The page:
Karen Land on 1/17 reported via IBET: We visited the neat little art gallery in downtown Batavia in the strip that houses Panera and Walgreens today about 12:30. As we drove out of the lot we saw a large bird with large wingspan heading up River from the Batavia Treatment Plant on South Island Street. We followed along until he perched in a tree near the Batavia Police Department parking lot. He was easily identifiable [as an immature Bald Eagle] from size and whitish chest as a number of crows took turns diving towards his head. He was almost twice the size of the crows. Finally they bugged him enough that he took off, giving us a close and clear view of his underside which looked just like the photo in Stokes. He went into a tree below our sight line but right by the police station.

A neighbor has been seeing mature bald eagles along the River from the bike path by Batavia Quarry Pool or a regular basis. We have seen some here before but did not look today.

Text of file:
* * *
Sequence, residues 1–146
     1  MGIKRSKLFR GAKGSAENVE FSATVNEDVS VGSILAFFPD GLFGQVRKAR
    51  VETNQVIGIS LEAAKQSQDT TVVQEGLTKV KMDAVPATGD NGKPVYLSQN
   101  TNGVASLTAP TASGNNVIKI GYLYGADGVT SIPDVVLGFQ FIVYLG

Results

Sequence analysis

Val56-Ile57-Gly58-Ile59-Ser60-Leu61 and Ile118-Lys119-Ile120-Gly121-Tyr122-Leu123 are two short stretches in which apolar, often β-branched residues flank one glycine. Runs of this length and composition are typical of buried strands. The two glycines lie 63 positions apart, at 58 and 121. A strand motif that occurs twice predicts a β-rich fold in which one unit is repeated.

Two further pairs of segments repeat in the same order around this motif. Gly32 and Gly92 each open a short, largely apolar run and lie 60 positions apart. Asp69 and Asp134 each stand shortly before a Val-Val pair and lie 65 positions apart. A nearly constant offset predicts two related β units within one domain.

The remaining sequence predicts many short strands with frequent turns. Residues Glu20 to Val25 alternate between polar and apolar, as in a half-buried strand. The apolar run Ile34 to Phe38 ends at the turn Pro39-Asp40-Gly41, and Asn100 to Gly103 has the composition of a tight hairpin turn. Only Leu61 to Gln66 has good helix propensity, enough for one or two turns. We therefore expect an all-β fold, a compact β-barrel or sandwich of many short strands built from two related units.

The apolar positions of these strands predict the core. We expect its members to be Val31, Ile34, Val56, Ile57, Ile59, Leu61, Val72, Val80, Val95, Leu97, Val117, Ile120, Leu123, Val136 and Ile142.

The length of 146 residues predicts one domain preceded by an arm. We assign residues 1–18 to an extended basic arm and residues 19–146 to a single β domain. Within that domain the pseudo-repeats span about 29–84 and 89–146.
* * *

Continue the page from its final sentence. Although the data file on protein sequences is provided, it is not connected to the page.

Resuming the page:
The Fox River is really churning right now. Open water all the way down to Aurora where we were earlier in the day. We did spot some small divers north of Clark Island from the parking lot next to Batavia's ESDA building. Moving too fast to ID them.

Mark Bowman on 1/16 reported via e-mail: forgot to report [2 days] ago along perry road just east of county line road and even extending west were lots of horned larks, snow buntings and moderate #'s of lapland longspurs. if anyone spots a screech, barred or long eared owl, please let us know as they are on, at least for myself, my high priority list.

Mark Bowman on 1/15 reported via e-mail: in this bitter cold this AM, my feeders were super active with red bellied woodpeckers and downy woodpeckers on the suet, on the tray feeder and thistle feeder were goldfinches, chickadees, white breasted nuthatches, house finches, house sparrows and pine siskins.